2.3.1 What is a building block?

2.3.2 What information is contained in a definition element?

2.3.3 The seven fundamental building blocks

2.3.4 The event processing agent building blocks

2.4 Summary

Part 2: The Building Blocks

3. Defining the events

3.1 Event types

3.1.1 The logical structure of an event

3.1.2 The event type building block

3.1.3 Event type description attributes

3.2 Header attributes

3.3 Payload attributes

3.3.1 Data types

3.3.2 Attributes with semantic roles

3.3.3 Payload example

3.4 Relations between event types

3.5 Events in the Fast Flower Delivery example

3.5.1 Header attributes

3.5.2 Event type definition elements

3.5.3 Event instance example

3.6 Event representation in practice

3.6.1 Event structure

3.6.2 Defining event types in current event processing platforms

3.6.3 Standards for interchanging event types and event instances

3.7 Summary

4. Producing the events

4.1 Event producer: concept and definition element

4.1.1 The event producer definition element

4.1.2 Event producer details

4.1.3 Output terminal details

4.1.4 Producer relationships

4.2 The various kinds of event producer

4.2.1 Hardware event producers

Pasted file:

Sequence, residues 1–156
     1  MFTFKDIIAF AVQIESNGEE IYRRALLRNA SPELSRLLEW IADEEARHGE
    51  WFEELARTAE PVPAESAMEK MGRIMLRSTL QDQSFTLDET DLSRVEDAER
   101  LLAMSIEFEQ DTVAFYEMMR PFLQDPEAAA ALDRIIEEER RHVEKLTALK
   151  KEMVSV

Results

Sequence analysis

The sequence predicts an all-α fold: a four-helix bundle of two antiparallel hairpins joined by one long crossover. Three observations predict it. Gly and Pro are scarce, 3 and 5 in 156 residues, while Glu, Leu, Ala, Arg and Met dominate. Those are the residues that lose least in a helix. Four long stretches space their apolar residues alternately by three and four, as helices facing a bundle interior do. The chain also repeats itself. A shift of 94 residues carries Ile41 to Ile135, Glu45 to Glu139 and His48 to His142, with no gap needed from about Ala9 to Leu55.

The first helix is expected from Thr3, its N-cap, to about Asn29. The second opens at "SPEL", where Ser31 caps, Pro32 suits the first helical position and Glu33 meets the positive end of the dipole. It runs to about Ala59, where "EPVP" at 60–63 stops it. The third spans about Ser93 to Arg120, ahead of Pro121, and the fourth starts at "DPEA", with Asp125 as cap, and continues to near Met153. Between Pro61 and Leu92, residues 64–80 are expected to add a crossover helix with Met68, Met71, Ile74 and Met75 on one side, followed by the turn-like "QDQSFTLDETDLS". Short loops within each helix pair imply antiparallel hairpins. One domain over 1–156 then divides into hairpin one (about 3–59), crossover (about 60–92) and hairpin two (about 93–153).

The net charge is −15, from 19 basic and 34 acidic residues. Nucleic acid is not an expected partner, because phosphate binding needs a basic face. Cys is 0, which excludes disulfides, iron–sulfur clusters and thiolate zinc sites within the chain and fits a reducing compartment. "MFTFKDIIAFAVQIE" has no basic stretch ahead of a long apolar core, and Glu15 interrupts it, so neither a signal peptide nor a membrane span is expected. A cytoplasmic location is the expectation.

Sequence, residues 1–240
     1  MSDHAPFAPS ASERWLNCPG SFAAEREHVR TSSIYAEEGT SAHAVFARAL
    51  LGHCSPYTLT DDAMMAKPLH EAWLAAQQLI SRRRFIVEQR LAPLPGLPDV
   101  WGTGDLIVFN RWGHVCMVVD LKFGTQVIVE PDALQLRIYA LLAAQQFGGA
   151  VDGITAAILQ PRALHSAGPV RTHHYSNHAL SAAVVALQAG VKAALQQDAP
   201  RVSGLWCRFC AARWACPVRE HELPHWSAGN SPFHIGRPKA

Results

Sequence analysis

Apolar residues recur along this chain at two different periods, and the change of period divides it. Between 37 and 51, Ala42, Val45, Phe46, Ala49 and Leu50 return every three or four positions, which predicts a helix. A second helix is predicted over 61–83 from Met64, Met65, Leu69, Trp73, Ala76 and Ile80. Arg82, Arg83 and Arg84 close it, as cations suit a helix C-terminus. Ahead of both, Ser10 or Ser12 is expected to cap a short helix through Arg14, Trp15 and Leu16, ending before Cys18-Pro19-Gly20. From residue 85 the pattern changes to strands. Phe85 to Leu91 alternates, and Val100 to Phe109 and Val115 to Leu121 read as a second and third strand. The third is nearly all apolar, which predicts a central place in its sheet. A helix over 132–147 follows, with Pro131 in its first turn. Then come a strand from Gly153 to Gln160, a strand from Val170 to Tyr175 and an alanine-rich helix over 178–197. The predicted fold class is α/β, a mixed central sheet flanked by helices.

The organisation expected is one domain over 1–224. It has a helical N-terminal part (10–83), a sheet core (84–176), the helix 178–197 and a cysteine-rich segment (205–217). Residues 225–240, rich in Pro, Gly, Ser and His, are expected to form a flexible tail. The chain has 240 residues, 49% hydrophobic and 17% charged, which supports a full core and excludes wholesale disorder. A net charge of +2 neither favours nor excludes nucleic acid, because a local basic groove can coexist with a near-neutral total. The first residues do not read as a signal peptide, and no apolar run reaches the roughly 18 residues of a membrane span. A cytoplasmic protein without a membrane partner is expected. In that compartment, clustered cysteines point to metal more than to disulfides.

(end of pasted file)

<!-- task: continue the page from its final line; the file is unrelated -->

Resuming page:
4.2.2 Software event producers

4.2.3 Human interaction

4.3 Interfacing with an event producer

4.3.1 Interaction patterns

4.3.2 Queriable event producers

4.3.3 Interfacing mechanisms

4.4 Producers in the Fast Flower Delivery application

4.4.1 The four event producers

4.5 Summary

5. Consuming the events

5.1 Event consumer: concept and definition element

5.1.1 Event consumer definition element

5.1.2 Event consumer details

5.1.3 Input terminal details

5.1.4 Consumer relationships

5.2 The various kinds of event consumer

5.2.1 Hardware event consumers

5.2.2 Human interaction

5.2.3 Software event consumers

5.3 Interacting with event consumers

5.3.1 Interaction patterns

5.3.2 Interfacing mechanisms

5.4 Consumers in the Fast Flower Delivery example

5.4.1 The three event consumers

5.5 Summary

6. The event processing network

6.1 Event processing networks

6.1.1 The event processing network and its notation

6.1.2 Nested event processing networks